“There are places in the world that feel that I feel content and they would always be rural places rather than urban ones. I love having a mountain in my view. Trees are also really important. But people and your community are really important too. So I wouldn't want to be in splendid isolation, I'd want to be in a place where I know people, where I'm kind of with my tribe, if you like.”
Kate's love for the countryside and her animals
Kate’s own passion for nature prompted her to move from London to rural Monmouthshire in 2007 with her film-maker husband Ludo Graham.
Kate's love for animals started young "A neighbour gave me a small, scruffy little kitten and she grew into a very much adored tabby cat who was my constant companion. Growing up, we lived next to a farm so I also vicariously had horses and dogs and all the farm animals in my life. When I wasn’t at school I spent all my time there."
Now, Kate and her husband run a 117-acre working farm with a herd of Welsh mountain ewes, a flock of chickens, geese and pigs! They also have two dogs, Bella and Teg. Sadly in March last year they lost Badger, Kate's first dog.
"For me, part of the joy of having dogs is that they need walks every day. It’s a lovely way of getting my head in order before the chaos of the day.
"I’ve been walking all my life. I grew up in the countryside at a time when there wasn’t much else to do; we didn’t have computers or round the clock television. I didn’t think of it as walking as such, we just went out as a family for walks or I was always mucking about outside."
One of Kate's recent series, Escape to the Farm, allowed us a glimpse into family life, following their day-to-day exploits on the farm.
"I wake up every morning to the most amazing view from my house which gives me huge joy every single morning. We can step outside our door and listen to the birds and be with dogs and animals and I’ve always really appreciated where I live, but my goodness, I really, really appreciate it now!"
For the past ten years, Kate has been aiming for a self-sufficient farm life, growing produce and breeding livestock.
Escape to the Farm also led Kate to her latest passion - cookery, as she'd make a recipe on each show. "I love the process of cooking – I find it creative and therapeutic. It led to me writing a cookery book out this month featuring seasonal food I cook all the time. Some of the recipes are my mum’s and some from friends and I’ve dedicated the book to them."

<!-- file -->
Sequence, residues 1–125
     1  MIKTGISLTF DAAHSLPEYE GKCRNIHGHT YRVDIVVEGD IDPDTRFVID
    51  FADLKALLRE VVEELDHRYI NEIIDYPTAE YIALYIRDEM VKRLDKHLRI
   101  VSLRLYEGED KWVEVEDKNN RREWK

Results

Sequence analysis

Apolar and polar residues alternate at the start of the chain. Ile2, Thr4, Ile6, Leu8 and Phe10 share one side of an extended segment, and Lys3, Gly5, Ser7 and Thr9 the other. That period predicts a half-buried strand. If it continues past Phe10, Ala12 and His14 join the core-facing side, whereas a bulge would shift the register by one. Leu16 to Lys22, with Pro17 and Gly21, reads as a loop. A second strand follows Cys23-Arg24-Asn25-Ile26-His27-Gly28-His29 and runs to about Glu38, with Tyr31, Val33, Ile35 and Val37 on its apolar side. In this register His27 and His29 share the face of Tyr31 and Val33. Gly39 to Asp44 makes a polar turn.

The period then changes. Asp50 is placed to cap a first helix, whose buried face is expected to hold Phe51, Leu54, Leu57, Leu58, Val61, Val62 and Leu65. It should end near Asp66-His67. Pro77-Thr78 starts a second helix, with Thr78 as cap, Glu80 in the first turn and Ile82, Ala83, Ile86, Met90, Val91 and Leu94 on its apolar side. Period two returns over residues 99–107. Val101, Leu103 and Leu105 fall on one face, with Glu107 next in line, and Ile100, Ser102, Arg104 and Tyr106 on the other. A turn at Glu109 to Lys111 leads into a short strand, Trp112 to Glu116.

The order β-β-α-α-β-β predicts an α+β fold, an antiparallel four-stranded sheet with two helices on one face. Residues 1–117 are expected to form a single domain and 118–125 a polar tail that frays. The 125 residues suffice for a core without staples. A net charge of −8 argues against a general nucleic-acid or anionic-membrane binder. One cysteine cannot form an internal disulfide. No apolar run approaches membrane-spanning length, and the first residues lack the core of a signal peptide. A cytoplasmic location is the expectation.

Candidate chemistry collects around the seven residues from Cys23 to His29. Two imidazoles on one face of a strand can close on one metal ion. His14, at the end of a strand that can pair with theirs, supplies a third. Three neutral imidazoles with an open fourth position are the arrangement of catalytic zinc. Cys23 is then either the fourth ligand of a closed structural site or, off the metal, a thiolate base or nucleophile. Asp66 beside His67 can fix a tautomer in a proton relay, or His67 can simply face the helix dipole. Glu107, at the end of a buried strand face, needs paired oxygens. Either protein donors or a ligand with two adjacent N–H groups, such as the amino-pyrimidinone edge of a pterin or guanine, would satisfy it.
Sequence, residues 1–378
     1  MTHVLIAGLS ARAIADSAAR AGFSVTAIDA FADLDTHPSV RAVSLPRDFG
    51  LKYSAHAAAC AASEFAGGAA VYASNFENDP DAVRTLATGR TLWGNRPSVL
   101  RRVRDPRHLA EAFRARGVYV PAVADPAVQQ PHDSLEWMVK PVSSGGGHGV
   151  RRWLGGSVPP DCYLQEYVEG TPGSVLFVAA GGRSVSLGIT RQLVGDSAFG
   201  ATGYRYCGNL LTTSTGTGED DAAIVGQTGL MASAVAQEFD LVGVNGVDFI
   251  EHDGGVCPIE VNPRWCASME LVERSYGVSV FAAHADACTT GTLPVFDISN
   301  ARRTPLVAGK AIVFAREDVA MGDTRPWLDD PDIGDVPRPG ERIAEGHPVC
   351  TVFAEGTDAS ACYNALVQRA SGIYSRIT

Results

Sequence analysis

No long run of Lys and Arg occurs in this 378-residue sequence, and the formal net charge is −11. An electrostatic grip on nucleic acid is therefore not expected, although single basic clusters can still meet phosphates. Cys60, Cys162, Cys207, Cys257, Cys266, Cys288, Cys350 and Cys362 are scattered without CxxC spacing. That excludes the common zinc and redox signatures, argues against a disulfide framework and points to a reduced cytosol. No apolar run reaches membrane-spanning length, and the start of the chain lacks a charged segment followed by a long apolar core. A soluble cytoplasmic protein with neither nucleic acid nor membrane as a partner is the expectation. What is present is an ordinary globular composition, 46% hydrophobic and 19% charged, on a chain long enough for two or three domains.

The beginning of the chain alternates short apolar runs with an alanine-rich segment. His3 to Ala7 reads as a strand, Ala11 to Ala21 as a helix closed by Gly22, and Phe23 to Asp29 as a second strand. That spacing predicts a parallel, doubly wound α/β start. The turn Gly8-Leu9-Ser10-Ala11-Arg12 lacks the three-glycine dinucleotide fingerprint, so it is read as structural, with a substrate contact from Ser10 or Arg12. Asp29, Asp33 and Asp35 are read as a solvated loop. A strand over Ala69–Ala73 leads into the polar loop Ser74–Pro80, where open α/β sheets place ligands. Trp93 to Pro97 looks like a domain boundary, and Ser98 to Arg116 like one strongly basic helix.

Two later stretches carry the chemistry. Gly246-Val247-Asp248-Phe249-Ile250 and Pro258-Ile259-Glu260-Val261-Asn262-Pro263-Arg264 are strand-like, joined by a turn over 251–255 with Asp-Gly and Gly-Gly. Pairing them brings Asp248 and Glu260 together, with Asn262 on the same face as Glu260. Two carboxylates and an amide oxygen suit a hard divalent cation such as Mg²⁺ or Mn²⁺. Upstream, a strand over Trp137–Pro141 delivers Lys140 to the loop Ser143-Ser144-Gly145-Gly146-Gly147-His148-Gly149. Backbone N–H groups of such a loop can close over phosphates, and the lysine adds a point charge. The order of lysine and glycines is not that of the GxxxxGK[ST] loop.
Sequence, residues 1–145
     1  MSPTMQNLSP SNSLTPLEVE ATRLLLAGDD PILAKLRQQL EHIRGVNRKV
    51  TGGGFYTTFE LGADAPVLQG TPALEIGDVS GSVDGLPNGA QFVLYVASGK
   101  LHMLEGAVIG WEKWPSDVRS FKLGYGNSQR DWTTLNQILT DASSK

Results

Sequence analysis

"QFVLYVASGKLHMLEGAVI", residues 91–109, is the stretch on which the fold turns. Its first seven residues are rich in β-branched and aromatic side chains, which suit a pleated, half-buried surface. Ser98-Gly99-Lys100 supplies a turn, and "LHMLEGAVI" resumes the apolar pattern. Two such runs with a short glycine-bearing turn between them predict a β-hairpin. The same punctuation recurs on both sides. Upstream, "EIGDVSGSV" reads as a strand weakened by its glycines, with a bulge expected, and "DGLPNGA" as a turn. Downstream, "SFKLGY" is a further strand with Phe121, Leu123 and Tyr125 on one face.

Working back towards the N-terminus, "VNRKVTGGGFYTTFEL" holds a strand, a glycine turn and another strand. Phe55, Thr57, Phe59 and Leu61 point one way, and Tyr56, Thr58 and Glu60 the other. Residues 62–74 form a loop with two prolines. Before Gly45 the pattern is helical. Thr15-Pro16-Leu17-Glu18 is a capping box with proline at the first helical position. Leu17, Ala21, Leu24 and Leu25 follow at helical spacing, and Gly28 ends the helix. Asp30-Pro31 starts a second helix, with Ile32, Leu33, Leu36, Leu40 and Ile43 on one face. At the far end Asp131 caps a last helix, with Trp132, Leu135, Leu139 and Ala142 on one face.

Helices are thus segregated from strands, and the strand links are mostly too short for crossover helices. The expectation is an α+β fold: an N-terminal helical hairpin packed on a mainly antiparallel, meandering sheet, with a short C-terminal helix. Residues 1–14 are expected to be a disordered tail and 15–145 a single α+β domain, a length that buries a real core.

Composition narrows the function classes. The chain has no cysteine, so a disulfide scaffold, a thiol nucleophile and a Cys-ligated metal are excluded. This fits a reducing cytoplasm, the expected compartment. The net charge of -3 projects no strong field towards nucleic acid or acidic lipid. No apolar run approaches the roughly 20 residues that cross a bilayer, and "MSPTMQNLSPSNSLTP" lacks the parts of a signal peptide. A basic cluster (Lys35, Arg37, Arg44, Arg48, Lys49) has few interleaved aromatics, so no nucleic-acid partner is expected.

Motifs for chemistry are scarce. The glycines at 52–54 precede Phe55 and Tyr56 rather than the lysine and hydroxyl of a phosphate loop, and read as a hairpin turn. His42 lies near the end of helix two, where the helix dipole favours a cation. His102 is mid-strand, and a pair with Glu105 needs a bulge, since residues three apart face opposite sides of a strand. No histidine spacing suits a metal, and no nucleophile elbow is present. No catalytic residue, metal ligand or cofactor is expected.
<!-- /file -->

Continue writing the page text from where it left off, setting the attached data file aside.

Is Kate Humble married?
Kate has been married to her husband, Ludo Graham since 1992. The couple don't share any children together after Kate admitted to lacking a "maternal gene" from a young age, despite the stigma around choosing not to have children.
Kate admits her relationship with her husband has improved since moving to the countryside as they both feel happier.
"If you don't feel comfortable and safe and secure in your home, if you don't feel like it is a place of refuge and retreat and sanctuary, then you're always going to feel kind of out of sorts and wrong footed. That's not a good place for anybody to be, whether they're in a relationship or not. I was exactly that person when I was living in London, I just never felt happy. I always felt like I was in the wrong place. I felt like a square peg in a round hole. And since moving here, I know that I'm happier, and that's that's a good basis for any relationship.”
Kate's favourite recipes
Kate also has a passion for home cooked meals and also has one cookbook under her belt with another on the way with a particular passion for easy vegetarian recipes to use up all the delicious seasonal vegetables.
“One thing that I have been cooking quite a lot is one of those dishes that involves just roasting vegetables and I tend to use aubergines and courgettes and maybe some red onion and some tomatoes but roasting them in big slices instead of chopped up pieces so they keep their shape. Add a sprinkle of some chili flakes and some olive oil and then serve with some mash of butter beans which you can make into a really smooth puree and I love to put in a bit of smoked water from a local company in Wales and you get this lovely, warm smokiness. It's absolutely delicious and incredibly easy."
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Lorna White is a Senior Digital Writer at Yours.co.uk. She was previously a writer at Yours Magazine writing features and news stories before joining the digital team. Lorna loves the great British countryside and likes to spend her spare time out and about in her home of Nottinghamshire walking her dog, Pippin.